Nasia, the film's narrator, a 13-year old and preternaturally mature young girl, idolizes George. (Nasia's poetic, poignant voice specifically recalls the voices of Sissy Spacek in Badlands and Linda Manz in Days of Heaven). The film's first scene shows Nasia and Buddy in the act of breaking up. Nasia later tells Buddy's friend that she broke up with him because he was too much like a child. She wants someone more grown up. After Buddy, she chooses George. It's clear she comes to believe in him as a person who will do great things, who will become president of the United States, who is (after he endangers his own life by jumping in a swimming pool to save a drowning child) a hero. George is specifically associated with the first president of the United States, George Washington. He is attracted to figures of fame and prominence. After a July 4th parade, he sees the man who played Uncle Sam in the parade and tells him that he was the best thing about the parade.

A lot of what George wants for himself is really what Nasia tells us that he wants, or imagines that he wants: "My friend George said that he was gonna live to be 100 years old. He said - He said that he was going to be the president of the United States. I wanted to see him lead a parade and wave a flag on the Fourth of July. He just wanted greatness." George becomes her way of dreaming about the future, and even though in some ways he might be the most disadvantaged character in the film, his aspirations, specifically his desire to be a hero, to save people's lives, to have significance, are what attracts her.

Others in the film, if not desiring fame and recognition, at least agonize over what they will do, over the future. One of Nasia's friends wants to become pregnant because she feels that would be her entrée to adulthood. Vernon, a large boy in early adolescence, feels ridden with guilt for Buddy's death. He doesn't know what to do. He tells Sonya, "I just wish I had my own tropical island, I wish . . . I wish I was . . . I could go to China, I wish I could go out of The States . . . I wish I had my own planet, I wish I . . . I wish there were 200 of me, man . . . I wish I could just sit around with computers and just brainstorm all day man. I wish I was born again." He and Sonya, who is probably no more than 10, try to run away and leave town together, but she rolls the car they steal and they limp painfully away. Sonya thinks of herself as "no good": I don't have much to look forward to. I ain't smart. I ain't no good. My whole family ain't no good. And for the first time in my life, I don't got no excuses for my future."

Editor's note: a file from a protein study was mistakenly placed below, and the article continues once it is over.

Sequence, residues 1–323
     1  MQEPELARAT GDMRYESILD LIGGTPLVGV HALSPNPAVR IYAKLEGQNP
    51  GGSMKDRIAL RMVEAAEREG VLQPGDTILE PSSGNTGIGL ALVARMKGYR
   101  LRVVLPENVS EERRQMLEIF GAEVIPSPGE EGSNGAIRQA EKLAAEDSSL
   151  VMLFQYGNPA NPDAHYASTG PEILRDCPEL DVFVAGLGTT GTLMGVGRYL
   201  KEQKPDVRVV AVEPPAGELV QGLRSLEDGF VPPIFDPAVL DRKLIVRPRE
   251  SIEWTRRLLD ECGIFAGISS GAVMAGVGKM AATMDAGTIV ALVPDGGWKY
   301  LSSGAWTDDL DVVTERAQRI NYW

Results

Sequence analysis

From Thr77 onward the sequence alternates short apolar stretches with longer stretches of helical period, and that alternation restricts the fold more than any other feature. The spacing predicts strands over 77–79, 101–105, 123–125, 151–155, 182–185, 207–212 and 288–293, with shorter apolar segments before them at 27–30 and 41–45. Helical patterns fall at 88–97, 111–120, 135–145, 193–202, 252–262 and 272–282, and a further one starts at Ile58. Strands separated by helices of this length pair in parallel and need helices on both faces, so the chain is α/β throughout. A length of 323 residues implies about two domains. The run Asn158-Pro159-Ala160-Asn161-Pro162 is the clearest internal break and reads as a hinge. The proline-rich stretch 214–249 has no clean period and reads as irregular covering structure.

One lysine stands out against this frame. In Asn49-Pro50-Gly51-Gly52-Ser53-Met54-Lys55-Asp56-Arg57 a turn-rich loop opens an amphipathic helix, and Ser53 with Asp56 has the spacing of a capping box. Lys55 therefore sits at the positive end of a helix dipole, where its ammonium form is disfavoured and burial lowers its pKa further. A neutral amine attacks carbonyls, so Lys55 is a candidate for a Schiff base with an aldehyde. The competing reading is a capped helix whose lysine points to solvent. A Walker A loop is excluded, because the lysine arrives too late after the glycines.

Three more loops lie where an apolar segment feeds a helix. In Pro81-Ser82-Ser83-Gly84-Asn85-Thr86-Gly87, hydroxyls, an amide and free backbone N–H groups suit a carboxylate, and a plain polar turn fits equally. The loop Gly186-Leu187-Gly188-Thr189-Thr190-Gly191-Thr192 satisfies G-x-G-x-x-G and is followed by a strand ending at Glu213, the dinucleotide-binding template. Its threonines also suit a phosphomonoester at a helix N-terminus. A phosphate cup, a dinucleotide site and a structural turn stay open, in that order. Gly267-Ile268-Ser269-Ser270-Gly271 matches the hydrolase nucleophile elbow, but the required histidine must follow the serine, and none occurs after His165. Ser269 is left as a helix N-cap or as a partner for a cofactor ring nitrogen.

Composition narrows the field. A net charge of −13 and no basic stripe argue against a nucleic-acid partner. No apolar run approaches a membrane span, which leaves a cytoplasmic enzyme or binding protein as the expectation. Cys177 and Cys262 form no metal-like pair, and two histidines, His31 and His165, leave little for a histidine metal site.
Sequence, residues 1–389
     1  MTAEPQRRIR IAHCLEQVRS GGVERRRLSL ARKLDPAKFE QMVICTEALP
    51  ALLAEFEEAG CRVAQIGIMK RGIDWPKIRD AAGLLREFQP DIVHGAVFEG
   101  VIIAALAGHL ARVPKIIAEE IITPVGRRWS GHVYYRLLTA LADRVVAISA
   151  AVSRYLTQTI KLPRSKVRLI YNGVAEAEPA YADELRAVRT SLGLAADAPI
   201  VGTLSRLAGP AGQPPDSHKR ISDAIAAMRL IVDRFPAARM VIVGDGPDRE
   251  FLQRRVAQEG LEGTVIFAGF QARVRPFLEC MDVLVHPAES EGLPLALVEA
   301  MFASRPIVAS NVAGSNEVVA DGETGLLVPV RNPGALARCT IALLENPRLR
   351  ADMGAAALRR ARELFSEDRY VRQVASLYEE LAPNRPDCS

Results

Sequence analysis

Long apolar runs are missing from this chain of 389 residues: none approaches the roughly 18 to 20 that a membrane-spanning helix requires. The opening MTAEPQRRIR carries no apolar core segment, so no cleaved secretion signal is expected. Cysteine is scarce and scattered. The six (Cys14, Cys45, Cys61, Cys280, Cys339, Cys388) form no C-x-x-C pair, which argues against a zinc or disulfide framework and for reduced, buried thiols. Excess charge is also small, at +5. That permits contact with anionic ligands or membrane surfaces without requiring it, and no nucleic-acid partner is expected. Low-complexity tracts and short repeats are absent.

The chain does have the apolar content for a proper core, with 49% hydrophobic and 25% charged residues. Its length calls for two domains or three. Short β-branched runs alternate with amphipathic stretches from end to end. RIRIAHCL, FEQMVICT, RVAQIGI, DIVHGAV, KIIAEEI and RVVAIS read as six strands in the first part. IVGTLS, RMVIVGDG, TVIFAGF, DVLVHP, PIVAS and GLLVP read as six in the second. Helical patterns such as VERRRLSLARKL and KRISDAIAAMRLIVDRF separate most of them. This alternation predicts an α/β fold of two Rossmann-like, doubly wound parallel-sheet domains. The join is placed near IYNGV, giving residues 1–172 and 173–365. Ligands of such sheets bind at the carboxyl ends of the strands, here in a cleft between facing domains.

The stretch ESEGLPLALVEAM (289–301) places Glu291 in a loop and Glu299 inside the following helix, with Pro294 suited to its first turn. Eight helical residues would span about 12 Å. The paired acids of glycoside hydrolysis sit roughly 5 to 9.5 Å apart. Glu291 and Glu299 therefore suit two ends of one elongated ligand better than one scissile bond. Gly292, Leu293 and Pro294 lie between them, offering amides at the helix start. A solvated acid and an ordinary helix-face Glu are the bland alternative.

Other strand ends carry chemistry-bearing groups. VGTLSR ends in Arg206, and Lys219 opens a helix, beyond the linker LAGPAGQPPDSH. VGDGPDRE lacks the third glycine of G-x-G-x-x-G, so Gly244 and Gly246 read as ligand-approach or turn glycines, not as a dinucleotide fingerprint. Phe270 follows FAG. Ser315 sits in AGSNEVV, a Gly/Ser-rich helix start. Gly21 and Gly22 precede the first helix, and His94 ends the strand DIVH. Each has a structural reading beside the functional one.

Another way that George Washington doesn't fit the mold of many other Southern films is its depiction of race. For the most part the children in the film have not grown old enough to become conscious of race. Sonya is the only white child in the film. She's innocent, corrupted already, and blonde, and to the black kids in the film she's simply another one of their group. Buddy and later George have frequent heart-to-heart talks with Rico Rice (played by Rob Schneider, the only name actor in the film). There is no sense of condescension in Rico—he talks to Buddy and George as equals—the fact that they are black and younger than he doesn't come into play.

In a more general way, the white railroad workers that Rico works with and with whom he pals around—advising them on how to eat a healthy diet—talk to the black kids just as kids, and the kids themselves see nothing out of the way in spending time with the white men. This is a South where race matters hardly as much as class and economic status. One might argue that this is unrealistic, and that the film portrays a world that doesn't exist.

In a sense Green uses the black and white characters as vehicles for giving expression to his own sentiments about life and fate and the future. Do kids Nasia's age and George's age really talk like the characters in this film? Do they have the thoughts these characters have? Is any 12-year-old as self-conscious and aware as Nasia is?